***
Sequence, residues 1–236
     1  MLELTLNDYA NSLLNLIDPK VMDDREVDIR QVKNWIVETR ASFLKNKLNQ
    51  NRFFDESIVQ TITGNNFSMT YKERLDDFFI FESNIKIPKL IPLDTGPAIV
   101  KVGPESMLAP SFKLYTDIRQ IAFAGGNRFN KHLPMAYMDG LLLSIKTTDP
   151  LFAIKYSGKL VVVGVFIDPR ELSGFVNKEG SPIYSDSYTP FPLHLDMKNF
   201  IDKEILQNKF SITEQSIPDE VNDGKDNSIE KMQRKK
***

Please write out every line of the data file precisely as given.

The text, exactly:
Sequence, residues 1–236
     1  MLELTLNDYA NSLLNLIDPK VMDDREVDIR QVKNWIVETR ASFLKNKLNQ
    51  NRFFDESIVQ TITGNNFSMT YKERLDDFFI FESNIKIPKL IPLDTGPAIV
   101  KVGPESMLAP SFKLYTDIRQ IAFAGGNRFN KHLPMAYMDG LLLSIKTTDP
   151  LFAIKYSGKL VVVGVFIDPR ELSGFVNKEG SPIYSDSYTP FPLHLDMKNF
   201  IDKEILQNKF SITEQSIPDE VNDGKDNSIE KMQRKK